When my husband left his job the following year, he had the same experience of elation.  The only catch was that we were suddenly under pressure to pay all of our household bills with our jewelry.  When you start to think about it, it takes a lot of pairs of handcrafted earrings to pay a mortgage every month.  We had a lot on our plates, but we were overjoyed to be working for ourselves, and would often pull all nighters to meet deadlines.  We were living the American dream and we were determined to make it work.
Now, in 2011, we still love working for ourselves.  However over the last few years though, the all nighters and unpredictable schedule have gotten old.  This spring, we made the resolution to start to get on a somewhat more structured routine.  We still work a lot, but I feel like our hours are more effective, and it brings a lot of peace of mind to have much more clear time objectives. 
For us, perfectly on-schedule work day starts at 9 a.m. with 2 hours of emailing, phone calling, and promoting our business .  At 11, I have an hour of bookkeeping scheduled. At 12, there is one more hour of office work, and then we have lunch and make jewelry all afternoon and many evenings, with one hour of pure creative playtime.
I am still adjusting to this new level of structure.  Few days go perfectly as planned, but most days are much more predictable than they used to be.  Occasionally, something comes up and throws a big monkey wrench in our plans.  In general though, I feel like we are getting much more done, and have a lot less stress in our work because we have a clear plan for accomplishing our goals.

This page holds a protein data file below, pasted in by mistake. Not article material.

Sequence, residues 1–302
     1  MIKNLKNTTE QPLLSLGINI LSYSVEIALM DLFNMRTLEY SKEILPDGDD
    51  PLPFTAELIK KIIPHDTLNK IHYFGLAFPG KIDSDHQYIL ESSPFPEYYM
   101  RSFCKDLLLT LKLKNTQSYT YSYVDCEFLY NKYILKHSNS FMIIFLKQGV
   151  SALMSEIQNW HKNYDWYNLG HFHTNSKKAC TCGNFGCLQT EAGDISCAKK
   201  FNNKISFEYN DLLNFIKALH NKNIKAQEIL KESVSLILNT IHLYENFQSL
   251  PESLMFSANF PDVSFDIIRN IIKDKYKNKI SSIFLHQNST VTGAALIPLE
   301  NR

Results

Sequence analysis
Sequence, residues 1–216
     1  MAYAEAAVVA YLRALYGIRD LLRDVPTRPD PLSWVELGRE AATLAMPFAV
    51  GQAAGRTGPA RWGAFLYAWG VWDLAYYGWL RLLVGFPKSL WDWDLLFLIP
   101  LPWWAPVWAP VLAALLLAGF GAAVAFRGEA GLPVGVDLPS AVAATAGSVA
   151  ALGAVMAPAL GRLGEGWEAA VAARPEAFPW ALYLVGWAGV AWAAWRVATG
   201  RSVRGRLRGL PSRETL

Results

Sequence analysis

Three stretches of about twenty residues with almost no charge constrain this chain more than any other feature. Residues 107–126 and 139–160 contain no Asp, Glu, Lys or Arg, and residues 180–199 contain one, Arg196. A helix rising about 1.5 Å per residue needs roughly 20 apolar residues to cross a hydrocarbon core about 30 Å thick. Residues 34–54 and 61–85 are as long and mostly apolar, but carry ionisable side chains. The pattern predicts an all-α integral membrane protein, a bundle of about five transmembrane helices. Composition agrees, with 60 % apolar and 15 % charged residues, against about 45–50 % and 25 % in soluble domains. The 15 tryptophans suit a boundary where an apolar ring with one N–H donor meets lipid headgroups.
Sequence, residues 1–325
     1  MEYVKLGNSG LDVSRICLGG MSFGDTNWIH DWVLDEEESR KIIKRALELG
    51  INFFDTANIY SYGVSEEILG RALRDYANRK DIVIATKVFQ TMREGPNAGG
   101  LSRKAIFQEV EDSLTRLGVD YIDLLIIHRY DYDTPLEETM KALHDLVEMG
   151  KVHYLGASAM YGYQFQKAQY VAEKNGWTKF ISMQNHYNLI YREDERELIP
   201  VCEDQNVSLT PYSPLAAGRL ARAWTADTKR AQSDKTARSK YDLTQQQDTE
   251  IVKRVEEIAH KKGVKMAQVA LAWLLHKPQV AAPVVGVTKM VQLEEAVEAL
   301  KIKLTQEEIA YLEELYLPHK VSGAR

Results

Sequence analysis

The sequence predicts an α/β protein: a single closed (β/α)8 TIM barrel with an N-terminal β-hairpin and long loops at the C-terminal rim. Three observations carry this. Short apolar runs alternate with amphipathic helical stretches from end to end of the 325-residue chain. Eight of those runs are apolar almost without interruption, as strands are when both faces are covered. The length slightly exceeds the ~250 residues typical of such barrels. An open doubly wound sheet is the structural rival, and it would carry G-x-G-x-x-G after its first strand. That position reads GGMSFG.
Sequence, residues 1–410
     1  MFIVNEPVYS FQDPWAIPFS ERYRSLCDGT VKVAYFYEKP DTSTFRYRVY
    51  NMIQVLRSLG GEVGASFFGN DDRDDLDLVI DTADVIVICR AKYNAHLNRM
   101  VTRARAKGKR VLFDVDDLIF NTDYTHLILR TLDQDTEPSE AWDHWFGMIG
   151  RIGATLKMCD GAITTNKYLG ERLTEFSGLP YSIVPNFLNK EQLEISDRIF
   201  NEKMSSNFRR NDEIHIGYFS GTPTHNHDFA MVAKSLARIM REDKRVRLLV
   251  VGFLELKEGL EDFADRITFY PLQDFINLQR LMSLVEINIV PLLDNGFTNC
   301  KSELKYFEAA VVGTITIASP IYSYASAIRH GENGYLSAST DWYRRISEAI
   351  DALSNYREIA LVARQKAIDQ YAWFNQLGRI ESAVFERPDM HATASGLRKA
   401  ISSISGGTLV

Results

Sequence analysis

We are also making sure that we dedicate time to the things we need to do to evolve in a good way.  We give more time to design work so that we can grow as artists.  We also spend a bit more time focusing on improving our business model.  Another aspect of routine that we recently added is breaking down our pre-art show production goals by expected sales and most popular jewelry styles.  It brings a lot of peace of mind to feel like we are working toward a set of attainable goals, rather than tackling a never ending mountain of work.
My advice to new artists or anyone with a new venture is to start out on the right foot, and make a plan!  Even if your schedule turns out to be unattainable and you need to revise, you have learned something valuable that will help you manage your days in the best way.  In a sense, being on a schedule is power.  You can sit down the morning or night before your workday and decide what your priorities are.  You will have a clear sense of what you want to accomplish and a plan to make it happen. 
I love the freedom of nobody else telling me what my schedule is going to be.  However, when I step into the role of being my own boss and being intentional about my schedule, this seems like the ultimate level of freedom.


Tuesday, February 22, 2011


 In my experience, our business/ life model is one that is very prone to burnout.  If you walk around an art show, you will always find lots of people who are tired, overworked, undercompensated, and questioning the wisdom in their life decisions to try to make a business as an artist.  This does not apply to everyone in the art show world, but it must be a higher percentage of our group than the general population.
            Over the last six years, Mark and I have been in and out of many burnout cycles.  It is amazing how quickly we can go from enthusiastic and inspired to a space where the only thing that keeps us going is that we have to pay the bills and are not sure how else to make that happen in the short term.  Often, these burnout cycles, have lead to a depression that colors our entire life outlook.  The worst part is that it is hard to make anything really better from a depressed space.